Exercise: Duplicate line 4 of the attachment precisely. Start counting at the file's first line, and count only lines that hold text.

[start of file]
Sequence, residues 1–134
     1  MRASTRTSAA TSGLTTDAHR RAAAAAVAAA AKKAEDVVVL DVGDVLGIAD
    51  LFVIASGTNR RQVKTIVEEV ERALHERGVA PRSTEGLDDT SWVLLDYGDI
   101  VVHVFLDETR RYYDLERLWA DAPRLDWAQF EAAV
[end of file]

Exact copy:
   101  VVHVFLDETR RYYDLERLWA DAPRLDWAQF EAAV